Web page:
It’s officially the football offseason. Some teams are celebrating great seasons, while others are stuck licking their wounds and mending their broken pride. Regardless of how the 2021 season ended, all 14 Big Ten teams must put it in their rear-view mirror and look forward to the 2022 season. There have been coaching changes, outgoing and incoming transfers, players leaving for the draft, new schemes, and new expectations. The offseason allows fans to dream of a successful 2022 campaign, and it’s up to each individual program to make that a reality.
While that process has started for the teams, as fans we are beginning to ask the questions that programs need to answer to be successful. So that’s exactly what we’re going to do at Land-Grant Holy Land; Five Questions for each B1G team to answer this offseason.
In Greg Schiano’s second season, Rutgers finished the regular season at 5-7 after a disappointing loss to Maryland in the finale that prevented them from being bowl eligible. However, as the best 5-7 team in the country based on APR score, the Scarlet Knights were awarded a replacement bid to the Gator Bowl after Texas A&M was not able to compete due to Covid-concerns. That game did not go well as they fell 38-10 to Wake Forest.
However, Schiano and the Scarlet Knights will look to get into a bowl game this season the old fashioned way, rather than backing up with a sub-.500 record. Here are five questions they must answer to reach their goal and not be on the outside looking in after the 2022 season.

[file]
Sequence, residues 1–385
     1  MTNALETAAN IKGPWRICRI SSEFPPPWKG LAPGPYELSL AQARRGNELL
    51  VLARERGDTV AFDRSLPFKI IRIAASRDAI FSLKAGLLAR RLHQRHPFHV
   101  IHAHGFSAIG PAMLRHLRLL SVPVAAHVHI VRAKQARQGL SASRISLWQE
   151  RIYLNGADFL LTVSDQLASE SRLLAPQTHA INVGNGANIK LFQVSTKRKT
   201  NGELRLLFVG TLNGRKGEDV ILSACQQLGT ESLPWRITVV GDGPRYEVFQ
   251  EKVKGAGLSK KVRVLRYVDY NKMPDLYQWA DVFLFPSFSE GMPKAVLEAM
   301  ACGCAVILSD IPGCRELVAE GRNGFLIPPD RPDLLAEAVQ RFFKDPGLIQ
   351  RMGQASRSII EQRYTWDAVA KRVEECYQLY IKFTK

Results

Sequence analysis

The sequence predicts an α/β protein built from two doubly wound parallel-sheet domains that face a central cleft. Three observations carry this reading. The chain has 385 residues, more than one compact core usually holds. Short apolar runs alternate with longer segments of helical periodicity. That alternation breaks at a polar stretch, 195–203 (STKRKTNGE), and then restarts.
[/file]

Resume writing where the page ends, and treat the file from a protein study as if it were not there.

What did we learn from the loss to Maryland?
Sitting at 5-6 through 11 games, all that Rutgers needed to do to be bowl eligible was beat Maryland. It was a story almost too good to be true; two programs who have been joined at the hip since entering the Big Ten playing in a winner-take-all game for bowl eligibility. This wasn’t a game out of reach, they weren’t hoping to slay a giant like Ohio State or Wisconsin, all they had to do was win one game against their equal.
Instead they got blown out 40-16 as Taulia Tagovailoa went 21-for-30 for 312 yards and 3 touchdowns. In a game amongst “equals,” Rutgers looked like they didn’t belong on the field.
Rutgers will look to climb out of the basement of the Big Ten East, but to do that they must first pass Maryland, another program looking to rebrand by focusing on local talent and reaching bowl games consistently. The loss to Maryland stings and Schiano and his staff must learn from that game, are they really that far from Maryland or was it just a poor showing?
What steps do they need to take to make sure that they don’t have to rely on a win-and-in situation at the end of 2022? They must identify what went wrong or risk being left behind by their closest B1G East competitor.
What does the passing game look like with Taj Harris from Syracuse?
Rutgers will have to look to upgrade a dismal passing attack for the 2022 season. Last year’s starting quarterback Noah Vedral threw for 1,824 yards on 59% completion percentage with 7 touchdowns and 7 interceptions. That is simply not gonna be good enough for Schiano’s team to take the next step.
Vedral is returning and expected to be the starting quarterback in 2022, so he must get better this offseason. Rutgers hopes that they have added an answer to their passing woes as they brought in transfer wide receiver Taj Harris.